Jon Campisi Aug. 7, 2013, 8:06am


A state appellate court panel has affirmed a ruling by a trial judge who

decided criminal charges were appropriate in the case of a teenager who posted on a social media website lewd comments about another girl.

Three judges with the Pennsylvania Superior Court affirmed on Aug. 2 an earlier judgment by the Lebanon County Common Pleas Court in a case involving Lindsey Marie Cox, an 18-year-old who posted a comment to her Facebook page that said the other teen had the sexually transmitted disease genital herpes.

“Ew, that’s gross. She should stop spreading her legs like her mother,” was the rest of the online statement, according to court records.

Cox had posted the comment the day before the then-15-year-old victim was set to begin 10th grade.

The comment received “likes” from multiple people visiting Cox’s Facebook page.

The victim and her mother reported the incident to police, which led to criminal harassment charges being filed against Cox, to which she was subsequently found guilty following a jury trial, the record shows.

Cox, who was given six months of probation, appealed the sentence, arguing that the evidence was insufficient to support the conviction.

The appellate panel, however, wrote that Cox presented no argument as to how the evidence was insufficient to establish the elements of the crime of harassment, which is defined as an act that is designed to “harass, annoy or alarm another … person,” and is communicated through “lewd, lascivious, threatening or obscene words, language, drawings or caricatures.”

Cox had argued that her actions were wrong, but not criminal, and blamed the Facebook postings on turmoil going on in her personal life that she “unwisely” took out on the victim.

The Superior Court panel didn’t buy it.

“Contrary to Cox’s view and in light of the totality of the evidence, her misuse of the internet and social media was criminal,” the panel wrote.

The judges determined that the evidence was sufficient to support a finding that Cox communicated lewd sentiments about the victim to others, “and an inference that in doing so it was her intent to harass, annoy or alarm Victim,” according to the appellate memorandum.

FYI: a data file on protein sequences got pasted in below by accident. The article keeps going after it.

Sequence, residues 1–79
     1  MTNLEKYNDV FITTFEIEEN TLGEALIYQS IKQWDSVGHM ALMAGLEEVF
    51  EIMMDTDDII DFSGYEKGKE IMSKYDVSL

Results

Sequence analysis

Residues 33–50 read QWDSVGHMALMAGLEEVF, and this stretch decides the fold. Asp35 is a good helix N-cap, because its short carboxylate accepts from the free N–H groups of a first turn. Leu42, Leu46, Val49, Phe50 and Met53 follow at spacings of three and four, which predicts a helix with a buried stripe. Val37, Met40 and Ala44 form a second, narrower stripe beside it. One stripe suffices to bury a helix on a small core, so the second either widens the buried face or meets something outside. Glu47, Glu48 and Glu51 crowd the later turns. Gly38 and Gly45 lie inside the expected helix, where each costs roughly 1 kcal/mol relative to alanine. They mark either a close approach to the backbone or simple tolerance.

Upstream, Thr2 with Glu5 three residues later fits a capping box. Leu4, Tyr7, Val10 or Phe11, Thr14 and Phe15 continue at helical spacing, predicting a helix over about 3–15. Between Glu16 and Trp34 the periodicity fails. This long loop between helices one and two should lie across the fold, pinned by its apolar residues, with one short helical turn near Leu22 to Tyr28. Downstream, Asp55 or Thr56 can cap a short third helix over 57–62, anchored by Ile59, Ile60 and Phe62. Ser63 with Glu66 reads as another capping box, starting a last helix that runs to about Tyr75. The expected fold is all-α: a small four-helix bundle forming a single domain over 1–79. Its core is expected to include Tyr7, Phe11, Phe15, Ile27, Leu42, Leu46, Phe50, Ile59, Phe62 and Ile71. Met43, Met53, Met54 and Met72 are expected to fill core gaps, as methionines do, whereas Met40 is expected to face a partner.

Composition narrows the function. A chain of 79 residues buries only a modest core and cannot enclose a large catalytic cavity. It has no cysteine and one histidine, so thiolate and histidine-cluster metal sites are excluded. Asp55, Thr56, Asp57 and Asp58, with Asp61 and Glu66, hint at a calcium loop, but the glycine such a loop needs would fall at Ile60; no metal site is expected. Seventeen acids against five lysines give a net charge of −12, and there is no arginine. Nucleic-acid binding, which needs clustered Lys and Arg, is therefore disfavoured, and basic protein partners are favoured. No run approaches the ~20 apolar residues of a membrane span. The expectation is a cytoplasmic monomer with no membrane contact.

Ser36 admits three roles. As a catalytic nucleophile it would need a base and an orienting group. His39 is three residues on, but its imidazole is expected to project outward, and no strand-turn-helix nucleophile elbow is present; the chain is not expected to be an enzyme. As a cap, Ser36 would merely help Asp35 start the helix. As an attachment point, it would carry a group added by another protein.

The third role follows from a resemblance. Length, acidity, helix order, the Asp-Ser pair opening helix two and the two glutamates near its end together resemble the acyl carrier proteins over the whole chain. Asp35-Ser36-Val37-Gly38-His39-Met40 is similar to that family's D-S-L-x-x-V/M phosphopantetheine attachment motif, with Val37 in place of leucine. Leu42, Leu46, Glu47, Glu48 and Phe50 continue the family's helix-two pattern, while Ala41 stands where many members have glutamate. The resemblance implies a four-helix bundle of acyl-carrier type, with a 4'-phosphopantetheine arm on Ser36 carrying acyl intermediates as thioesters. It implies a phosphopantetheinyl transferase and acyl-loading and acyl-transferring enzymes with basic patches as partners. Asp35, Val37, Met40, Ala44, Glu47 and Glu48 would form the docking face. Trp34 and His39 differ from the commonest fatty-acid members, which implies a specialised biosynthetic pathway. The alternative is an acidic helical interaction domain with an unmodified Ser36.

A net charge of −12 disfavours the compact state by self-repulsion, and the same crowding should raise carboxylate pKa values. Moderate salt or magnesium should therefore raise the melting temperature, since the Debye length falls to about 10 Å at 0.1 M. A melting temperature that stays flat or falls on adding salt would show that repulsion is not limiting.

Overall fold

Cox’s conduct, the panel wrote, was the type the General Assembly sought to criminalize under the harassment statute.

Cox’s second issue on appeal was that the verdict was against the weight of the evidence, arguing that jurors gave too much weight to the victim’s “emotional” testimony, and in doing so disregarded the language and intent of the law.

“We cannot agree,” the panel wrote. “To the extent that Cox is arguing that the jury erred in crediting Victim’s testimony, such an argument affords her no relief. In determining a weight of the evidence claim, it is not the function of an appellate court to re-assess the credibility of the witnesses’ testimony.”

The panel wrote that while Cox has expressed remorse for the “ill-conceived but intentionally harmful posting on Facebook, the jury assessed the evidence and found the publication on the internet was criminal harassment. There was no error in the trial court’s refusal to reverse the verdict.”

The decision was written by Superior Court Judge Christine L. Donohue.

Judges John T. Bender and Eugene B. Strassburger, III also participated in the decision.

Elizabeth Judd, a lawyer from the Lebanon County Public Defender’s Office, was quoted in local media saying her team planned to appeal the decision.

The criminal charge was “overboard in this particular case,” Judd told the Legal Intelligencer, because the Facebook posting was only publicly viewable for about an hour.

Judd told the Intelligencer that she doesn’t believe Cox’s conduct rose to the level of criminal harassment.

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